# Join and meet: Exercises

Try these ex­er­cises to test your knowl­edge of joins and meets.

## Tan­gled up Deter­mine whether or not the fol­low­ing joins and meets ex­ist in the poset de­picted by the above Hasse di­a­gram.

$$c \vee b$$

This join does not ex­ist, be­cause $$i$$ and $$j$$ are in­com­pa­rable up­per bounds of $$\{ c, b \}$$, and no smaller up­per bounds of $$\{ c, b \}$$ ex­ist.

$$g \vee e$$

This join ex­ists. $$g \vee e = j$$.

$$j \wedge f$$

This meet does not ex­ist, be­cause $$d$$ and $$b$$ are in­com­pa­rable lower bounds of $$\{ j, f \}$$, and no larger lower bounds of $$\{ j, f \}$$ ex­ist.

$$\bigvee \{a,b,c,d,e,f,g,h,i,j,k,l\}$$

This join ex­ists. It is $$l$$.

## Join fu

Let $$P$$ be a poset, $$S \subseteq P$$, and $$p \in P$$. Prove that if both $$\bigvee S$$ and $$(\bigvee S) \vee p$$ ex­ist then $$\bigvee (S \cup \{p\})$$ ex­ists as well, and $$(\bigvee S) \vee p = \bigvee (S \cup \{p\})$$.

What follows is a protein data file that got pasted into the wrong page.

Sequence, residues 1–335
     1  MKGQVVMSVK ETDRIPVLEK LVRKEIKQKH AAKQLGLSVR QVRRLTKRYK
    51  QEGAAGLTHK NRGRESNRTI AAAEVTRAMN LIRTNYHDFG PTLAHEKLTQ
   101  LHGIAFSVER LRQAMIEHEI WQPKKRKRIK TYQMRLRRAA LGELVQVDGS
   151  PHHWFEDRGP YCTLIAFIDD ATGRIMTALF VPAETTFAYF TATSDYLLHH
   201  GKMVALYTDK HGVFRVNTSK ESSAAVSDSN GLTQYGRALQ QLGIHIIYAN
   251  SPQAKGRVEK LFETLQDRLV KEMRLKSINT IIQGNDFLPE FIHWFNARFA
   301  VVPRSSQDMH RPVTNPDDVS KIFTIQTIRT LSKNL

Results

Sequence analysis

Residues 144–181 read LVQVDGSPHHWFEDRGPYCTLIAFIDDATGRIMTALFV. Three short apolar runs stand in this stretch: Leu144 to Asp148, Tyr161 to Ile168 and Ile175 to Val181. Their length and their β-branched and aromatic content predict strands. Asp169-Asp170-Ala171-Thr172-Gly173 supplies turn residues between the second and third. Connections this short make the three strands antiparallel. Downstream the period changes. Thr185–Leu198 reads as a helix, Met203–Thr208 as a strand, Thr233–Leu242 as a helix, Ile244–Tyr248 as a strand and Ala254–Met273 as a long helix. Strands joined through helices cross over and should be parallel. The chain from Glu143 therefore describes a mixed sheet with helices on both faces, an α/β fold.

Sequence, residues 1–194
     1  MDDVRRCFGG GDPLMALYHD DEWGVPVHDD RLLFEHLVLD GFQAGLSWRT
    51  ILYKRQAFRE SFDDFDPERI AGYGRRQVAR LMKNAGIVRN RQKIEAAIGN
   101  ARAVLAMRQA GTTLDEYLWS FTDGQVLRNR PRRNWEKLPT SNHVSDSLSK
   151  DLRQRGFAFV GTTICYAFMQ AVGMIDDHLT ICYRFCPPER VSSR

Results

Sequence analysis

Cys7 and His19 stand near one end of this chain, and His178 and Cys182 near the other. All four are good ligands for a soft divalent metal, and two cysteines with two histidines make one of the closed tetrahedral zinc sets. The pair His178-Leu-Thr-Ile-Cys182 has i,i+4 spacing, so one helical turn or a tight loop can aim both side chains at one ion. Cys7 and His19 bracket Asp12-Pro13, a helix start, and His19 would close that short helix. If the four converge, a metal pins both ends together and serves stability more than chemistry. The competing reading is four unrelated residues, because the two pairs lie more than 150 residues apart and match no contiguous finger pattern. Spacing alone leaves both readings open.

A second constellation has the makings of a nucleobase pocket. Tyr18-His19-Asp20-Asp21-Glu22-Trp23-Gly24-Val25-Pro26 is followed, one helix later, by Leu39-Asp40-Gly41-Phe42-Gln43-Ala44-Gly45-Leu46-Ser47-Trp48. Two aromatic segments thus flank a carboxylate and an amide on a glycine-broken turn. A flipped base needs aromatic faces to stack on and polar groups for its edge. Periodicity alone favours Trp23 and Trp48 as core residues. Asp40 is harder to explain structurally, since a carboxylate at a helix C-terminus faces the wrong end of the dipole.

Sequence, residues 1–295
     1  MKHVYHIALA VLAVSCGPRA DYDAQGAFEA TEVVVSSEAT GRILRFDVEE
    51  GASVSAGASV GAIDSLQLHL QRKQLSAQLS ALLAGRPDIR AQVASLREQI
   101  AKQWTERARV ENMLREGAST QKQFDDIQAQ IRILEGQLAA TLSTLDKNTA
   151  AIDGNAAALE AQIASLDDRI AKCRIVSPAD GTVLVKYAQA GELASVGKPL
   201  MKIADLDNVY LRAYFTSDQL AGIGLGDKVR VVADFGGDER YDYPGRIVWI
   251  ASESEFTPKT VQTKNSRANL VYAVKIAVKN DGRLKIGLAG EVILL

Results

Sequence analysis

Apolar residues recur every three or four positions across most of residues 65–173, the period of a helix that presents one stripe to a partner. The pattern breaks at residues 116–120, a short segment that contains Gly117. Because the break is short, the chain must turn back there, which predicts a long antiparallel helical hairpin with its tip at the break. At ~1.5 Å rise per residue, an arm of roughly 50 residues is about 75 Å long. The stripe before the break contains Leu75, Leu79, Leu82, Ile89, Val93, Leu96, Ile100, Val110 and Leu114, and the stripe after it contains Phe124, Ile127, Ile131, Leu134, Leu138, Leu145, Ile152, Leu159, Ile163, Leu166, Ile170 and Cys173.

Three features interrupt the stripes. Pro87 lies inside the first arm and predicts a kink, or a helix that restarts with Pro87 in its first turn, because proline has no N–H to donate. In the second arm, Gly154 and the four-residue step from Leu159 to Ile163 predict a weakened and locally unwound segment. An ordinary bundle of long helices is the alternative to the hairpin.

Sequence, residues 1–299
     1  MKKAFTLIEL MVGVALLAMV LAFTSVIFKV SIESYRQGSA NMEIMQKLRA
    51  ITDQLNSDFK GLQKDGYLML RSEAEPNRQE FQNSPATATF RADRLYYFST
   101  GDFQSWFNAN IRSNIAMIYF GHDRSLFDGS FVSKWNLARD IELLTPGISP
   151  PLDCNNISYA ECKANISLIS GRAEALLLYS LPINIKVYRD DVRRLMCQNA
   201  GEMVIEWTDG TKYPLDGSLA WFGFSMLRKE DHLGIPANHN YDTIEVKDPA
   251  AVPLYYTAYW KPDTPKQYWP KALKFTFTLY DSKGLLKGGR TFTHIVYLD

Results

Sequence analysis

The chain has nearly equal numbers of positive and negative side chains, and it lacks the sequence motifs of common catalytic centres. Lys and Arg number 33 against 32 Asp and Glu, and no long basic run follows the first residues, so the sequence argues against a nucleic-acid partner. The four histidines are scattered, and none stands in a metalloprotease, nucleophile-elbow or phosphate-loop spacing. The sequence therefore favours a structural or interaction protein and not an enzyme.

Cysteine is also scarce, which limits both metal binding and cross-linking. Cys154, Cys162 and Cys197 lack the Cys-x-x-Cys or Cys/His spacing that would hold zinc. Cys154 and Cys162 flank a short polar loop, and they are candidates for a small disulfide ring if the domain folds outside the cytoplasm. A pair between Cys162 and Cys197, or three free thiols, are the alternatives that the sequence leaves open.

For any $$X \subset P$$, let $$X^U$$ de­note the set of up­per bounds of $$X$$. The above propo­si­tion fol­lows from the fact that $$\{\bigvee S, p\}^U = (S \cup p)^U$$, which is ap­par­ent from the fol­low­ing chain of bi-im­pli­ca­tions:

$$q \in \{\bigvee S, p\}^U \iff$$

for all $$s \in S, q \geq \bigvee S \geq s$$, and $$q \geq p \iff$$

$$q \in (S \cup \{p\})^U$$.

If two sub­sets of a poset have the same set of up­per bounds, then ei­ther they both lack a least up­per bound, or both have the same least up­per bound. <div><div>

## Meet fu

Let $$P$$ be a poset, $$S \subseteq P$$, and $$p \in P$$. Prove that if both $$\bigwedge S$$ and $$(\bigwedge S) \wedge p$$ ex­ist then $$\bigwedge (S \cup \{p\})$$ ex­ists as well, and $$(\bigwedge S) \wedge p = \bigwedge(S \cup \{p\})$$.

Note that the propo­si­tion we are try­ing to prove here is the dual of the one stated in join fu. Thanks to the du­al­ity prin­ci­ple, this the­o­rem there­fore comes for free with our solu­tion to join fu.

## Quite a big join

In the poset $$\langle \mathbb N, | \rangle$$ dis­cussed in Poset: Ex­am­ples, does $$\bigvee \mathbb N$$ ex­ist? If so, what is it?